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Blue Zones projects: Garlic, Chickpea and Broccoli Stuffed Sweet Potatoes

Written By | Jan 26, 2021
Blue Zones projects

Thanks to Louis Hansel @shotsoflouis @louishansel for making this photo available freely on Unsplash 🎁

SAN DIEGO – Looking for new ways to be healthy and remain healthy? The Blue Zones and its Blue Zones projects might just offer useful clues to to staying healthy throughout the COVID pandemic.

Blue Zones, Blue Zones projects and healthy eating

Based on extensive longevity-related research conducted world-wide and focused on discovering a relationship to nutrition and longevity, Blue Zones determined that a diet consisting of 95-100 percent plant-based foods correlated with extending life expectancy from 78.2 years to as great as 100 years.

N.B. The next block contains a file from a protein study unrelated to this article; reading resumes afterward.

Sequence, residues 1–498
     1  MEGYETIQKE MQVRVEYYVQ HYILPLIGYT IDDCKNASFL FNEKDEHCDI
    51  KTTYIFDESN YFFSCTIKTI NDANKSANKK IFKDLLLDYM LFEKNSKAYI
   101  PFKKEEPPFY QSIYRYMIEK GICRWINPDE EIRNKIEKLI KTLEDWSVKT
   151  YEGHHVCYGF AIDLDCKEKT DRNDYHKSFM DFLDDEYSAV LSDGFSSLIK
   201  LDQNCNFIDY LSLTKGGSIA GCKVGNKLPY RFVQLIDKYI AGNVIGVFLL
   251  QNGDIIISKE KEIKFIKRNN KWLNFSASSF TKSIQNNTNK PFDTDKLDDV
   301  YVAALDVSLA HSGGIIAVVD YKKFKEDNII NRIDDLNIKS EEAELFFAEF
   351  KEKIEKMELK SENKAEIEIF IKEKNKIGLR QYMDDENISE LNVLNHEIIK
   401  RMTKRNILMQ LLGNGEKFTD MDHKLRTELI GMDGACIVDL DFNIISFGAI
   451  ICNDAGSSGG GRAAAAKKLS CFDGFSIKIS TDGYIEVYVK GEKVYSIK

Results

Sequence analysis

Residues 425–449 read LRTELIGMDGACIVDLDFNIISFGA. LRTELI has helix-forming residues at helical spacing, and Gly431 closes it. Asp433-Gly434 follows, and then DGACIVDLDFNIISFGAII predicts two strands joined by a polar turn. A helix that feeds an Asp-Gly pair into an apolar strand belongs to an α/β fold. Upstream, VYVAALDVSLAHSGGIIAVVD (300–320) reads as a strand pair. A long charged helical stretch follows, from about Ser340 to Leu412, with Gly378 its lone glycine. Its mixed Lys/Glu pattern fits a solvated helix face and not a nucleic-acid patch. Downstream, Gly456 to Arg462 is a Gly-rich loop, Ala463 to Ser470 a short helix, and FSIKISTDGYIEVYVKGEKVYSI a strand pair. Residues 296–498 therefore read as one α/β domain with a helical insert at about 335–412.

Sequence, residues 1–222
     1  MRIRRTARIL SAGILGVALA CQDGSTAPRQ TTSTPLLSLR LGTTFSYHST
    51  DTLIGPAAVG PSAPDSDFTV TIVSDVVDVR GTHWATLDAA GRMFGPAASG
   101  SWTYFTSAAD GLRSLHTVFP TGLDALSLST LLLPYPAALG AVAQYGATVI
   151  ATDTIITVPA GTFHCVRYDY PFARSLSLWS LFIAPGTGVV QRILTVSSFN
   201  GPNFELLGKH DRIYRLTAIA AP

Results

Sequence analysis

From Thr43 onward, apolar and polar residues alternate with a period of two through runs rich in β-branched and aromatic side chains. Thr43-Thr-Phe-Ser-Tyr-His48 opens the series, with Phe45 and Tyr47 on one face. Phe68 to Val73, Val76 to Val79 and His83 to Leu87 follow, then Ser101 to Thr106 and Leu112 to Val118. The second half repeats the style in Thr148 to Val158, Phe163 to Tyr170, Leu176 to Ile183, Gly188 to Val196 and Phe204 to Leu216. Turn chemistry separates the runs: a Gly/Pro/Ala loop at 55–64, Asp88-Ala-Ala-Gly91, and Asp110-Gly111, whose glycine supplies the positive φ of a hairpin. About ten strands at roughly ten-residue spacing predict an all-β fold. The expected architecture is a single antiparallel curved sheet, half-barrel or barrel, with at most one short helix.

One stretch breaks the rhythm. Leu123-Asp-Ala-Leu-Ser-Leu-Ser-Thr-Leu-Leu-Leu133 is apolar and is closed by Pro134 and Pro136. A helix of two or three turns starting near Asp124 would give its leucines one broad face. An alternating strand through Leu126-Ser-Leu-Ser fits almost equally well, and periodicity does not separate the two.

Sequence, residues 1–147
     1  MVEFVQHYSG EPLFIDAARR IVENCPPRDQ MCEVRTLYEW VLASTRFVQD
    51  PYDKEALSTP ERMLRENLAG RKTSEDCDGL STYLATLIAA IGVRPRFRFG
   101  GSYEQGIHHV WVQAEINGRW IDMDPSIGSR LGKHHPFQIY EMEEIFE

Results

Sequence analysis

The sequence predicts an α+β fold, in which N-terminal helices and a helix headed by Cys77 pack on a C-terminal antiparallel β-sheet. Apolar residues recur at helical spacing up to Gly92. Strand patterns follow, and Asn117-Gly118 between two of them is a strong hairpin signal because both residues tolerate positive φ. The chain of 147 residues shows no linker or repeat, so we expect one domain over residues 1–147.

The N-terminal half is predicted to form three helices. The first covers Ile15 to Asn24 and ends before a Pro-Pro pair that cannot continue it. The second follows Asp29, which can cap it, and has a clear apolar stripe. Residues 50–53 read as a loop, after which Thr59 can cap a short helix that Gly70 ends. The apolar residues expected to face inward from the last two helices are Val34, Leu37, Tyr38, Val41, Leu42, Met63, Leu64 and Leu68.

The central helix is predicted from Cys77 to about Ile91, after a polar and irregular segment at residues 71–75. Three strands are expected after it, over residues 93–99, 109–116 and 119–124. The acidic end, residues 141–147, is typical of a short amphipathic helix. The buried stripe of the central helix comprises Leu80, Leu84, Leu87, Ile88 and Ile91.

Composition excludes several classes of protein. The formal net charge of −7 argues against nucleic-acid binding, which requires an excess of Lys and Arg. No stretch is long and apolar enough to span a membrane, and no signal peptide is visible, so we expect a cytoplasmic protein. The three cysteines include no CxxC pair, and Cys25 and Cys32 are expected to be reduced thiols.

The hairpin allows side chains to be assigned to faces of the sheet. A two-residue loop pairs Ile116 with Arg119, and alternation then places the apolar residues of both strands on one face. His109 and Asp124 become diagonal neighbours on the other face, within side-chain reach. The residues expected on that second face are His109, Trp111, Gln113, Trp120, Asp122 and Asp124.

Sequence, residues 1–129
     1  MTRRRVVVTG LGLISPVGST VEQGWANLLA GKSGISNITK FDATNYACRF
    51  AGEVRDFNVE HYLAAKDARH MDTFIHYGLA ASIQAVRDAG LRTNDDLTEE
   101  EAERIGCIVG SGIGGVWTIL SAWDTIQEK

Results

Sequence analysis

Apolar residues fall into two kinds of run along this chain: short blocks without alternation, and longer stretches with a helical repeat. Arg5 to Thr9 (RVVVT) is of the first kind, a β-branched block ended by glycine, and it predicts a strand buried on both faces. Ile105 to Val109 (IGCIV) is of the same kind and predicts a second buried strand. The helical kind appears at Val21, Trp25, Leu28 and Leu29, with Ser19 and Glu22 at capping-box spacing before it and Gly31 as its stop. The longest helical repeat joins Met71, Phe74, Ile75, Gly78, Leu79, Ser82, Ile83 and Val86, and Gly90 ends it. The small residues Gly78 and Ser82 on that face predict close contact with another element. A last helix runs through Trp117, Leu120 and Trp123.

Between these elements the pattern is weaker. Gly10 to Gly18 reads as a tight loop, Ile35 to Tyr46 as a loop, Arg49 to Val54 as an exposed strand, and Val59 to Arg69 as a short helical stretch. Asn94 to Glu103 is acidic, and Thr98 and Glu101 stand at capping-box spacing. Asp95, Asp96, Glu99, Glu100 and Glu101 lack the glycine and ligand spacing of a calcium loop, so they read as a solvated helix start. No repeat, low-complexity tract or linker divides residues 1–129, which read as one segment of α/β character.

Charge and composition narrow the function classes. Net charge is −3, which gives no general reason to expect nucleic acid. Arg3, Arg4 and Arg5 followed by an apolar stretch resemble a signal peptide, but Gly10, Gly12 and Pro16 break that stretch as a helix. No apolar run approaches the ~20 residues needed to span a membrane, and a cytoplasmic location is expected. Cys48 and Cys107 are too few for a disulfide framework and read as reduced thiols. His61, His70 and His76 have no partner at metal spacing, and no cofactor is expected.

Though additional factors can also be involved β€” such as smoking cessation, lower sugar consumption, close personal ties, daily activities promulgating movement and more β€” diet does play a major role in over all human health.

Also Read: Elderberries may be a secret weapon for better health, and against COVID-19

One recipe that easily fits in with any of the Blue Zones projects guidelines: Garlic Chickpea & Broccoli Sweet Potatoes. It’s simple recipe that’s quick to prepare. You could serve this dish either as a side dish or as a main dinner attraction.

In 1492 Columbus sailed the ocean blue and discovered the sweet potato

The sweet potato is not only delightfully colorful and attractive to the eye. It’s also ever-so healthy for the human body.
Sweet potatoes were found by Columbus in 1492, though they’d been available in Peru approximately dating from 750 B.C.

WebMD states that each sweet potato provides 400% of Vitamin A daily requirement along with Vitamin B complex, Vitamin C, Vitamin D, calcium, iron, magnesium, phosphorus, potassium, thiamine and zinc. That’s quite impressive. Moreover, sweet potatoes also offer rich natural compounds, carotenoids, which protect human cells with antioxidant power.